Neither a musician nor a maker of musical instruments, this deeply shy writer traversed America to meet luthiers face-to-face and describe their work.
It was published more than 30 years ago, and all copies sit within a fine Moroccan goatskin cover. It’s available through the standard (today) online booksellers, starting at $180 per copy from its limited run. And somewhat like the 3,500 luthiers it documents in an encyclopedic format, “The Violin Makers of the United States” by Thomas Wenberg (Pizzicato Publishing Company, 1986) was painstaking researched by hand.
By hand and a pickup truck, that is. Author Wenberg drove back and forth across the US for the better part of two years, from one violin shop to another, to gather as much information as was possible from the violin makers of that time, most of whom are unknown in the great concert halls and universities where fine instruments are played. In fact, among the craftspeople he interviewed – in person as much as possible, and certainly not via email or studied online, as those communications and information technologies were in the most nascent and inaccessible forms in the mid-1980s – some were best described as hobbyists. Others were the premier luthiers in America, however, prized by musicians of ambition and accomplishment.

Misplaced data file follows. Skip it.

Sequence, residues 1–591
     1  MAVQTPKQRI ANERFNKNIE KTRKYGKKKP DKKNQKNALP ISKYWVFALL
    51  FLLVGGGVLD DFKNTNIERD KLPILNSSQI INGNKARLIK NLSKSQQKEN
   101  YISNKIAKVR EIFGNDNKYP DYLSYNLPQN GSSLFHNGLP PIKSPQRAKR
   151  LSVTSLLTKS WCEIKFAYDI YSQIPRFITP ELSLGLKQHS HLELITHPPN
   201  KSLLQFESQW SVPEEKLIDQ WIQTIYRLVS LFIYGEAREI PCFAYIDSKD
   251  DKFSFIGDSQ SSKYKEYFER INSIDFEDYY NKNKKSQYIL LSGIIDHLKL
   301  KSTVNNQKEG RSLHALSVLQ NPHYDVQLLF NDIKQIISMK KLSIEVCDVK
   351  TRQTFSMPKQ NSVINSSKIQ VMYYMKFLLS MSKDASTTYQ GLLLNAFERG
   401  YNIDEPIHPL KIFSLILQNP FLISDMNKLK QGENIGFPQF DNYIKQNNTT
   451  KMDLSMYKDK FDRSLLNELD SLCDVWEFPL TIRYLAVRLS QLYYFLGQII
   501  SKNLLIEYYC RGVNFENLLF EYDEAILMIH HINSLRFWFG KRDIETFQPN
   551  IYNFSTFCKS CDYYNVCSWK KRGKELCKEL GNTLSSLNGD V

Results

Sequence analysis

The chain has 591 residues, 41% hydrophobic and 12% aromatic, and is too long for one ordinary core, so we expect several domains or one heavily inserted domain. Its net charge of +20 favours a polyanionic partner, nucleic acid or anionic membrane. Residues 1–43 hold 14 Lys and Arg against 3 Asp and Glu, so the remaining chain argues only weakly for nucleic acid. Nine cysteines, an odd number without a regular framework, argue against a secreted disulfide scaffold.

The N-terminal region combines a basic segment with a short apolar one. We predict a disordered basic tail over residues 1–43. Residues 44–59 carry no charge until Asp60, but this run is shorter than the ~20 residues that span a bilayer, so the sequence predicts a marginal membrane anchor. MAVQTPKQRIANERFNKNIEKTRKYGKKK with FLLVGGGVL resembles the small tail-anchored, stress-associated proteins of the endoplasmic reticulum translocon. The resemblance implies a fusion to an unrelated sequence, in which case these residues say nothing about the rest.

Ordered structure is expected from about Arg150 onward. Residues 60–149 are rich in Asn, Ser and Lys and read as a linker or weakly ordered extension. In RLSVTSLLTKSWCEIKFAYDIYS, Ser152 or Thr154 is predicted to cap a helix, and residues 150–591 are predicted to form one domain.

Wenberg later went on to a political career, serving in the state senate of Oregon under a new name, Wilde. Which hints at the quirkiness of Wenberg, who readily acknowledged, despite his accomplishments, having learning disabilities (dyslexia and attention deficit disorder), being an “extreme introvert,” and social anxiety. He nonetheless overcame these as barriers to assembling the most complete summary of violin makers in the country.
It bears knowing that Americans who made fine stringed instruments were generally not as highly regarded as the European masters of previous centuries. Another chronicler of the craft, Christopher Germain (a Philadelphia-based violinmaker), notes that very crude, amateur-built instruments constructed in the Colonial period appear to have been made out of frustration more than anything else, the better European-made fiddles being rare and expensive. European makers began to immigrate to the Americas by the 19th century, upping the ante considerably. By the latter 20th century, America’s stability and prosperity drove its violinmakers to match those of the Old World. Germain says the violins made in the US began to rival their European counterparts by the 1980s.
Wenberg/Wilde’s book is unrivaled and heralded, even if a large percentage of the people chronicled in “The Violinmakers of the United States” may by now have passed on. Violins in auction houses today might make note of the luthier’s pedigree for being in the book.
But just as notable is how this shy person somehow overcame his own insecurities to accomplish something remarkable through an exhaustive, solitary effort – using a pickup truck instead of a Google search window to learn about the people who make fine stringed instruments. Not unlike luthiers themselves, whose largely solitary work creates something enduring, Wenberg/Wilde crafted a tome worthy of great music, great musicians and great instrument making.